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The recent Sabarimala verdict allowing women to enter Sabarimala is being strongly protested by many women! Anjali Paul examines why women have such a problem with a tradition being changed.
I was pleasantly surprised when the recent Sabrimala verdict was passed lifting restrictions on the entry of women into the Sabarimala shrine. There was no doubt that it was a landmark judgement.
Among the 5 member panel, it was the sole female member who cast a dissenting vote. She clearly mentioned that the judicial system has no right to meddle with age-old religious beliefs and rituals even if they are discriminatory in nature. And this seems to be the sentiment shared by most people.
But if that was so, years back if our social reformers had thought the same, we would still be living in a country where women would have been jumping into their husbands’ funeral pyres, a country where polygamy would have been rampant, children would still be married off, and women would never have dreamt of an empowered life nor a Dalit ever imagine being educated. The list is endless. Most of the above-mentioned age-old traditions too had a deep-rooted religious backing which was both derogatory and prejudiced against the so-called ‘weaker sex’.
A point to note here is that there were hardly any women social reformers during the 19th century when a majority of women’s issues first came under the spotlight and reforms were being made. Instead of celebrating their new found rights and freedom, there were many women lamenting the abolishing of these age-old traditions.
Strikingly, even now in the 21st century, any challenge to the status quo especially those which have religious backing is treated with contempt. A vast number of women in Kerala considered the verdict as being blasphemous and out-rightly refused to enter the pious shrine of Sabarimala for fear of the wrath that they would have to face by ‘dishonouring’ the celibate Lord Ayappan. What is ironical is the fact that there is strong evidence that women, even though in small numbers were allowed to enter the shrine before a ban was imposed in 1991 restricting the entry of women falling in the age bracket of 10- 50 years.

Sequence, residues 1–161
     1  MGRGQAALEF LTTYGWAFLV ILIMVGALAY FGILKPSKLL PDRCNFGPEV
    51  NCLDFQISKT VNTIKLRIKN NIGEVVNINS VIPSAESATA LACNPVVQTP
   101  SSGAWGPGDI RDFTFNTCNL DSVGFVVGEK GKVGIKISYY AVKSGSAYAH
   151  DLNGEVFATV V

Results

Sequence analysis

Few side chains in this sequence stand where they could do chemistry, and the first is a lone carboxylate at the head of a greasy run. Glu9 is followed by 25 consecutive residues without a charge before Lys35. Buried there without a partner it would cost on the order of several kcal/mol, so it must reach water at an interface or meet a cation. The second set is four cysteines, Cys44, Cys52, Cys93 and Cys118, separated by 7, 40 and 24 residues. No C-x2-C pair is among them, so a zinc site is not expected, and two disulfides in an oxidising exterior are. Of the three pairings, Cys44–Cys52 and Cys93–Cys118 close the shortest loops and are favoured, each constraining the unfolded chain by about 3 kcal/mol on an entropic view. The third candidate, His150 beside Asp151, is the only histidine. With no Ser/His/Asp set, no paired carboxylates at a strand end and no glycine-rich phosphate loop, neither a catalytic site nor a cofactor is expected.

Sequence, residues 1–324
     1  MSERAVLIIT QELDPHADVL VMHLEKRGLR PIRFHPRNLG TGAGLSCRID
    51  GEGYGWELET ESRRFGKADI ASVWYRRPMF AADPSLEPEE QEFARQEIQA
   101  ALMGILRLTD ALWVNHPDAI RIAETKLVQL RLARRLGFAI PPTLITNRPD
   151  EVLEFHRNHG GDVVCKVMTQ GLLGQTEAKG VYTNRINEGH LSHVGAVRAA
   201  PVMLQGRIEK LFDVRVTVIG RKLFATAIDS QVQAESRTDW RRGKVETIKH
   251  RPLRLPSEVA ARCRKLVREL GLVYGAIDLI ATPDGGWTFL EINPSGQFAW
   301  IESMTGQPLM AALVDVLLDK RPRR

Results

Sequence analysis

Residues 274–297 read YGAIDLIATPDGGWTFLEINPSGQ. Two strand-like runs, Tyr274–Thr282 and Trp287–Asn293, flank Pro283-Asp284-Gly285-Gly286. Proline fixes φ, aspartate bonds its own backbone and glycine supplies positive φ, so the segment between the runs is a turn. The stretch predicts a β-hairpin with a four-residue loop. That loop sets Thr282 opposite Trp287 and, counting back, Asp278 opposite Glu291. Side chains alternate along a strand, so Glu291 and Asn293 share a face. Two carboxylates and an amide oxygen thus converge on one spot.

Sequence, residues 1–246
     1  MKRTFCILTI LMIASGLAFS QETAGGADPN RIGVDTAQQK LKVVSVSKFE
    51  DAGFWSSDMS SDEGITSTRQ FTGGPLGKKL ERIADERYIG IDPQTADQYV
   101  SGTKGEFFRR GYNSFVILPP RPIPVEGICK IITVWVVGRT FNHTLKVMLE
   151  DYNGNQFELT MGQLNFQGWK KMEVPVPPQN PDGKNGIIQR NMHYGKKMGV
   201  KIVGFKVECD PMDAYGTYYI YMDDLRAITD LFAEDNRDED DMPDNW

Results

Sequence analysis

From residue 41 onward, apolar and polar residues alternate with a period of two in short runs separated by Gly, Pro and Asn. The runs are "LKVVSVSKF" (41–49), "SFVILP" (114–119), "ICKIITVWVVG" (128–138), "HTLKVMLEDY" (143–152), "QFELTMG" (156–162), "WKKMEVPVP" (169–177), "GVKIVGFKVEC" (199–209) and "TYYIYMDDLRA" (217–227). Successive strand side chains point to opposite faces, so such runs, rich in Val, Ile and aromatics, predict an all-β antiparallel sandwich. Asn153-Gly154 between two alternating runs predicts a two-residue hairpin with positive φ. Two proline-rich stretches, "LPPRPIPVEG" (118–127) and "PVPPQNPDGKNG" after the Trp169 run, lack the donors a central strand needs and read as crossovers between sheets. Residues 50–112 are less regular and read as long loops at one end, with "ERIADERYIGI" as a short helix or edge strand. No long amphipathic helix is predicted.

Many argue that menstruation was never the reason to ban the entry of women into the sacred shrine but that the ban was based on a puranic legend that claimed that Ayappan would remain celibate till the day kanni swamis (first time devotees) stop coming to Sabarimala. And for him to remain celibate and answer the prayers of his devotees, he should not be distracted. Yet nowhere in this ancient legend have women been told not to enter the shrine.
Some highly regressive and sexist comments are making the rounds which make you shudder and actually wonder if we women even considered human. Some claim that the temple will turn into Thailand if women enter Sabarimala and that no woman must complain if she is harassed by a man during the pilgrimage as she would be bringing it upon herself. Another Malayalam actor spewed venom by saying that any woman who steps into the revered shrine must be ripped into two. What gives any man the right to talk about a woman like that? Don’t all these men owe their very existence to a woman? Why do women still behave like they are second-class citizens and revel in this sexism thrown at them?
God is universal and religion should be a connection with the creator which must transcend artificially created barriers based on certain beliefs which lead to unacceptable discrimination.
While the whole issue has now turned into a politically instigated agitation, it’s now time for women to understand that the verdict just allows you to exercise a choice and is not a compulsion. As long as women are given that choice, there will be no need for any reforms or revolutions to take place.
Inspired by the Sabarimala verdict, another movement has gained momentum – the demand for the right of entry for women into mosques and the priesthood. With more women realizing that religion is being used as an instrument to propagate patriarchy, such demands are bound to gather traction.
With the arrest of Bishop Franco and the subsequent impact on the Church, we must now realize that no religion is immune to the law and judiciary.
While change is the only thing that is constant, we as women must welcome these changes with open arms especially when they are being made with the aim of breaking the misogynist mindset that has existed for years. Stand for your tribe woman, rather than pulling it down!
Image Source – ABP News Video
I am a mom who works from home and dabbles with writing when time permits.An avid reader since childhood, blogging and writing helps me de-stress.My five year old keeps me on my read more...
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